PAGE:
AL owner accused of $200,000 theft from resident
Christopher Butler (Photo: Boulder County Sheriff's Office)
Staff members of Timberline Lodge Assisted Living are surprised by the accusations levied against the owner of the Longmont, CO, facility, but they continue to care for residents as they await the outcome of his case, Manager Rachel Leavitt told McKnight's Senior Living.
Christopher Butler was arrested April 15 after an eight-month investigation by the Boulder County Sheriff's Office determined that he may have stolen more than $200,000 from a resident. He has been charged with three counts of theft from an at-risk adult, over $500; identity theft; theft from an at-risk adult, less than $500; one count of forgery; and six counts of fraud by check. All of the charges are felonies of various classes.
“We're not sure what to think about what's going on with Chris,” Leavitt said. “It's a shocker to all of us.”
The sheriff's office notes that the facility's staff members are working closely with the Colorado Department of Public Health and Environment's Health Facilities and Emergency Medical Services Division.
“We have been given full authority to run the facility until a conviction,” Leavitt said. “We want to keep the residents here as long as we can because this is their home. We're all like family here.” Family members also have the option of relocating residents.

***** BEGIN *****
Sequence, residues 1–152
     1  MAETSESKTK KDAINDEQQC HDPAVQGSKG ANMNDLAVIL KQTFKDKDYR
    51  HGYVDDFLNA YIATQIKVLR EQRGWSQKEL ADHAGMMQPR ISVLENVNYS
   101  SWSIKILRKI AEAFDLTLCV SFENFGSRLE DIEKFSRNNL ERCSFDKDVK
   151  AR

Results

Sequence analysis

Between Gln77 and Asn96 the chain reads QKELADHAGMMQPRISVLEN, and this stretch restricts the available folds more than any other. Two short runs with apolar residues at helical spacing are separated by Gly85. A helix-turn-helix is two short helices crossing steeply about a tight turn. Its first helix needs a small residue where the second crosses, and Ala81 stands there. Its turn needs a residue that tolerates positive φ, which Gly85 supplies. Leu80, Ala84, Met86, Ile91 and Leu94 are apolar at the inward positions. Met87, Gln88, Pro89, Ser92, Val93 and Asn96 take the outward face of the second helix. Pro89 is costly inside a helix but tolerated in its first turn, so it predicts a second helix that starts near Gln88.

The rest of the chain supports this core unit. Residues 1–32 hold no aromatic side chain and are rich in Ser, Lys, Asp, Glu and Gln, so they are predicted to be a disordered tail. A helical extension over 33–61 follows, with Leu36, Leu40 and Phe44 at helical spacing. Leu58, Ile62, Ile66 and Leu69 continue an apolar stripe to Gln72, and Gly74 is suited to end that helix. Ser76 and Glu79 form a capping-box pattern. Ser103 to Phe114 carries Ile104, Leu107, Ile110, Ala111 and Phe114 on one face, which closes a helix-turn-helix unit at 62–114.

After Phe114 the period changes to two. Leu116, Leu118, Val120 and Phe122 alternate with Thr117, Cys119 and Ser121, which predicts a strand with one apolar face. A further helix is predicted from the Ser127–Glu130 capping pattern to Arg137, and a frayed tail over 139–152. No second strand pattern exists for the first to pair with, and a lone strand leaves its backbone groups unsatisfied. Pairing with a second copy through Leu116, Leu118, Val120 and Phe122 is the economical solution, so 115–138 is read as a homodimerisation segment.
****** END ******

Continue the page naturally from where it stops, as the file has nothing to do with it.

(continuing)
The sheriff's office said it began its investigation in August after it was alerted by adult protective services that a Timberline Lodge resident's daughter had expressed concerns about her 83-year-old father's finances. Butler had established himself as a representative payee on the resident's checking account, according to detectives, and then wrote checks out of the resident's account and deposited them into his personal account. Butler used some of the money to pay facility expenses, the sheriff's office said, and also wrote checks out of his own account and deposited money back into the resident's account, a process known as kiting.
Detectives said that more than $475,000 in checks were written to Butler out of the resident's account between January 2009 and December 2015, but based on his contract for services, the resident should have paid about $273,000 during this time.